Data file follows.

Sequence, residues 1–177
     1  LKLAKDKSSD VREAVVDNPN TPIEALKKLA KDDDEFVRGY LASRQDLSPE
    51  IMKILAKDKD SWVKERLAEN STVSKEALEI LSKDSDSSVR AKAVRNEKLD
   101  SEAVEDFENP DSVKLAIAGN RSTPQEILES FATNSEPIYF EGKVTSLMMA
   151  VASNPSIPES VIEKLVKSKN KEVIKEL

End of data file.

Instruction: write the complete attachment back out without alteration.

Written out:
Sequence, residues 1–177
     1  LKLAKDKSSD VREAVVDNPN TPIEALKKLA KDDDEFVRGY LASRQDLSPE
    51  IMKILAKDKD SWVKERLAEN STVSKEALEI LSKDSDSSVR AKAVRNEKLD
   101  SEAVEDFENP DSVKLAIAGN RSTPQEILES FATNSEPIYF EGKVTSLMMA
   151  VASNPSIPES VIEKLVKSKN KEVIKEL